Re: [Xen-users] Migration of Xen Networking Setup to new ISP
On Tue, 2 Nov 2010 07:53:50 +0100, Simon Hobson
> Thomas Jensen wrote:
>>I currently use pci hide to hide a physical NIC from the Dom0. This >NIC is
>>passed to a firewall DomU. Two other NICs are passed to the >firewall DomU
>>to create a standard three NIC firewall. The fourth >NIC in the Dom0 is on a
>>separate subnet (not part of the firewall) >and is used only for managment of
>>I would like to setup a firewall DomU on the new ISP and then >migrate the
>>DomUs to the new firewall one at a time. I am getting >tripped up on the
>>fact that my server can't have two gateway >addresses active at one time.
> Well a lot depends on how you want to migrate. There are different
> approaches, in part a lot depends on whether you intend to keep the
> old ISP going :
I don't plan to keep the old one going once the conversion is
> The Big Bang
> You switch off the old connection, and turn on the new one. No
> complications here, you simply switch configs and wait for the DNS
> changes to propagate. Nothing special here except to have all your
> configs worked out in advance to minimise downtime.
I am going to move forward with this approach. It has probably been a
little more work on my end, but I have been ratcheting down the TTL on
all of the DNS records this week. I went from 86400 to 3600 yesterday.
This evening, I will ratchet down to 600 and commence the in the middle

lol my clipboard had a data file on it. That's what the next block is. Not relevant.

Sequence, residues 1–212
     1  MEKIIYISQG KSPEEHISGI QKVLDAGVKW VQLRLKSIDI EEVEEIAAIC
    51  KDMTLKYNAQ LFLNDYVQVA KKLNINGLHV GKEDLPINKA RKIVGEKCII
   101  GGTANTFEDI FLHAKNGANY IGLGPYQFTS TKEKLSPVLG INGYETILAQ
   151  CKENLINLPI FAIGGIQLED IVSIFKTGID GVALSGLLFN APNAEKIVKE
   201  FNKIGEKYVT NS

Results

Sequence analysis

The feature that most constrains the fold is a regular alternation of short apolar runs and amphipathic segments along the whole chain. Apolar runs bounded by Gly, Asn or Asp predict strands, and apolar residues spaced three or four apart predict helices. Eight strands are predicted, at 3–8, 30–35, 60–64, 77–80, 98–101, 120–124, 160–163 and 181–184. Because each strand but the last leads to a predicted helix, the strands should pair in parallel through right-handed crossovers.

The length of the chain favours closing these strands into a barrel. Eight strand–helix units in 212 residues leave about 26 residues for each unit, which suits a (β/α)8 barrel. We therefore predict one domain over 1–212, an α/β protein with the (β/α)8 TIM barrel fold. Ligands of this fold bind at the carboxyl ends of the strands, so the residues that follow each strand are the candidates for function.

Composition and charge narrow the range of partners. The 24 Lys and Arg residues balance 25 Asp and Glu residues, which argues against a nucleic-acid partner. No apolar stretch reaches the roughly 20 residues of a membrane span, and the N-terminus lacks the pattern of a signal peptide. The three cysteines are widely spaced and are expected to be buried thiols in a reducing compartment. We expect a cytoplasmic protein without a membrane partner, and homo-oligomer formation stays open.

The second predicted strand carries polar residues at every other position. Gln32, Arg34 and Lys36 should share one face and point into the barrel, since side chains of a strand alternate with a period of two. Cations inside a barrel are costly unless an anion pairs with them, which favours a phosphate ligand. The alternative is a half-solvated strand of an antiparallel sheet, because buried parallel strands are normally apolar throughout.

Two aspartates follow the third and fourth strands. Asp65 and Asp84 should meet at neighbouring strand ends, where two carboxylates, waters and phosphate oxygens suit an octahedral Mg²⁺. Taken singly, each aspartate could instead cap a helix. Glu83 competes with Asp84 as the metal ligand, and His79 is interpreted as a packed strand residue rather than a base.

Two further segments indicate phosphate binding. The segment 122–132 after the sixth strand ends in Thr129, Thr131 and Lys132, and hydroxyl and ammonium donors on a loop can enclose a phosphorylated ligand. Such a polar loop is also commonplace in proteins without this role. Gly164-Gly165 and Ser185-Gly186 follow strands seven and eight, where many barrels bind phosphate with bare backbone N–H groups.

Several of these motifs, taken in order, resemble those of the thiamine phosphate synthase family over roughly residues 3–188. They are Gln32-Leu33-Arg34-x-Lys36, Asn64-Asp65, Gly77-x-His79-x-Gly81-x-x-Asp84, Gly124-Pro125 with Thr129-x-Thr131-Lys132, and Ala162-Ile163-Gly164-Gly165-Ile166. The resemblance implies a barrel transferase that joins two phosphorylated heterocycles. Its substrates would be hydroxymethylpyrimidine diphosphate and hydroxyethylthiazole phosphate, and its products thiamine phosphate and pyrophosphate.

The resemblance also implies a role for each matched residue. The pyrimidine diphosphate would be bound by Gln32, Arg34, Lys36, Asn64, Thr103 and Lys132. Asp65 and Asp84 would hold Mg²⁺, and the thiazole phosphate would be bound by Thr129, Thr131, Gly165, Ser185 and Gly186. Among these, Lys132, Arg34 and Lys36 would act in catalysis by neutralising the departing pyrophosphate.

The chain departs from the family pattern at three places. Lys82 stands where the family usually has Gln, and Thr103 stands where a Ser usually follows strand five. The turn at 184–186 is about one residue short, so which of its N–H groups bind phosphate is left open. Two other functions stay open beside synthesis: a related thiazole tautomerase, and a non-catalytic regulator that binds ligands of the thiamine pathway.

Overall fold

of the night. I think this will be the most straight forward move and
won't require any significant networking changes during the change over.
> Dual running
> A bit more work, but you parallel run for a while while DNS changes
> propagate and eventually turn off the old connection (unless you want
> to keep it running).
> Phased migration
> You move one bit (service or server) at a time, probably combined
> with parallel running.
I had originally thought about implementing a phased approach;
essentially having two paths out to the two ISPs running at the same
time and moving a DomU from the one to the other one at a time.
> You can do policy based routing in your firewall. Setup a new
> internal bridge for the new subnet you get from your ISP - it doesn't
> need to have a NIC assigned to it. Add extra virtual NICs to the
I'm not real strong on the whole bridging concept yet and how that
translates into Xen space. All of the bridges I currently have now are
linked to physical NICs. In at least one case, the physical NIC isn't
even physically connected to anything. This NIC would likely be a good
candidate for the process you described above.
> You then need to set up routing policies (can't help there, never
> done it but I know it can be done) so that :
> Traffic TO subnet A is routed to the old internal network
> Traffic FROM subnet A is routed out via ISP A
> Traffic TO subnet B is routed to the new network
> Traffic FROM subnet B is routed out via ISP B
> I think you can probably do this by running a shared network with
> both subnet A and subnet B on it - ie the extra internal bridge
> probably isn't necessary. Something to look into.
> This article explains how it's done with Shorewall (installed by
> default on all my systems)
I use Shorewall as well on my three NIC firewall. I had done multiple
searches online, but hadn't turned up the link you provided. Thanks for
> Simon Hobson
> Visit http://www.magpiesnestpublishing.co.uk/ for books by acclaimed
> author Gladys Hobson. Novels - poetry - short stories - ideal as
> Christmas stocking fillers. Some available as e-books.
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